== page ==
Opposition lawmakers criticized Mexico’s independent statistics agency on Tuesday for changes in polling techniques in a survey that suggested income among the poorest Mexicans had jumped by a third.
Lawmakers said the survey, published on July 15, created suspicions that pollsters had manipulated data in order to show a drop in poverty after a previous study had shown poverty increased in Mexico in 2014.
“The credibility of an institution so important as (statistics agency) INEGI is in doubt,” said Senator Ernesto Cordero, a former finance minister from the conservative National Action Party (PAN).
The survey sparked a scandal in Mexico after CONEVAL, another government agency that measures poverty using INEGI’s income data, said the statistics agency’s survey was not “congruent” with other published data.
The heads of both INEGI and CONEVAL testified on Tuesday before a panel of lawmakers.
CONEVAL head Gonzalo Hernandez said “it was a very big surprise” when he received the results of the INEGI survey and found out that they were not comparable to previous polls due to changes in polling techniques.
The new data shows a nearly 34 percent jump in the income of the poorest households in just one year, according to CONEVAL. Hernandez said CONEVAL would be unable to produce a new series of poverty data for 2015 due to the changes.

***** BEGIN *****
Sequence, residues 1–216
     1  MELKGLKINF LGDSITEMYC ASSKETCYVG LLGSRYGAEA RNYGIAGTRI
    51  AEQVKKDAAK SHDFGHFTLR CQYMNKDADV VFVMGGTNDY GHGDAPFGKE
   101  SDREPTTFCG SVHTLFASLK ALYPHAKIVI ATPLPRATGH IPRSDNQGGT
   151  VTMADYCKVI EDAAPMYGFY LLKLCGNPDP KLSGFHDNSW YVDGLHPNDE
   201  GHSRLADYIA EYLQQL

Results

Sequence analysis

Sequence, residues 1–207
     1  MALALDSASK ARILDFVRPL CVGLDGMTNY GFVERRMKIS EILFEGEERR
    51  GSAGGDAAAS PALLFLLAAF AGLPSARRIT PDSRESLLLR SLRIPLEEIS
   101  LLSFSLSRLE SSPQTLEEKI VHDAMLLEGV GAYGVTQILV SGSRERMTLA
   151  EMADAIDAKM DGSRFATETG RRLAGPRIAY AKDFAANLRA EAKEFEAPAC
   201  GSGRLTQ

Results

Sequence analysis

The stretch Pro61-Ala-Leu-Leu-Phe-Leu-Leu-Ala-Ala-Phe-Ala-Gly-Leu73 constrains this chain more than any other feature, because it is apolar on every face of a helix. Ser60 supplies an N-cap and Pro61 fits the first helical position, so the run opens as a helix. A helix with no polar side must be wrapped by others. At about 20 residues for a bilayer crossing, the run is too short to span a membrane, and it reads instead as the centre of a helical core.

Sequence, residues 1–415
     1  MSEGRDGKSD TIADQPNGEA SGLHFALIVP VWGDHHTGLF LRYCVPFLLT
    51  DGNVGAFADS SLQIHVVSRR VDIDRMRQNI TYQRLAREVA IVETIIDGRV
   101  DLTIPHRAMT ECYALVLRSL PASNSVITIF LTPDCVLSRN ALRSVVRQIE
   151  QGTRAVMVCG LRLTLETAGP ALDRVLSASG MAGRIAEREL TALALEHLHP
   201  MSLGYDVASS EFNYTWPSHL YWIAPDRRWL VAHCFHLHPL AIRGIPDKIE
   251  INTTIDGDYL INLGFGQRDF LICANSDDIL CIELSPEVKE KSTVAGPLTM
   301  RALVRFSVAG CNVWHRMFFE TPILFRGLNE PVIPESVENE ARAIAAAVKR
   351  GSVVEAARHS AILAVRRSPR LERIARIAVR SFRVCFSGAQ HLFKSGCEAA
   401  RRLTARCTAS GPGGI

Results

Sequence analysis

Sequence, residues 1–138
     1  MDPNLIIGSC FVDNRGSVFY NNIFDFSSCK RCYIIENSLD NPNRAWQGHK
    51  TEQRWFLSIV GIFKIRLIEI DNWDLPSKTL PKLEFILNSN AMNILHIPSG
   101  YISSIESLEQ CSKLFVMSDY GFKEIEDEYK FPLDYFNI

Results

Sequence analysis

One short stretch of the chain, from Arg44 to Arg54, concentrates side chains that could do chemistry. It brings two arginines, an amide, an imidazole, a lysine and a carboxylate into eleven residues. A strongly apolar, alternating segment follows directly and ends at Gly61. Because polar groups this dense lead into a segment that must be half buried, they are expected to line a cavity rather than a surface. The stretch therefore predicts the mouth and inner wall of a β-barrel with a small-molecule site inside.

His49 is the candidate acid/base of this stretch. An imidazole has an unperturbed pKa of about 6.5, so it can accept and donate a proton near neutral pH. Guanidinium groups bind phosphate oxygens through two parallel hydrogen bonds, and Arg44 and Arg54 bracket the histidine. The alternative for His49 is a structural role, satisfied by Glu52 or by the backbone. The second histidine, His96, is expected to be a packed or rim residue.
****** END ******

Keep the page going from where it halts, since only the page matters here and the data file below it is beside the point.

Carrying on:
INEGI said it had “improved” its polling techniques in order to overcome an inherent bias in such surveys where respondents underreport their income.
INEGI Director Julio Santaella told lawmakers that there was no “fraud” in INEGI’s polling changes. He said pollsters had been encouraged to seek clearer answers on income.
Santaella said some of the respondents from Mexico’s poorest households had been surveyed a second time to make sure they were not underreporting their income.
He said the households that had been questioned a second time were less than 1 percent of the total sample.
Lawmakers criticized the effort to “pressure” poor households while similar efforts were not made for wealthier homes since the results could skew measurements of inequality.
Last July, CONEVAL had said that the number of Mexicans living in poverty had risen to 46.2 percent of the population in 2014 compared with 45.5 percent in 2012.
(Reporting by Michael O’Boyle; Editing by Paul Tait)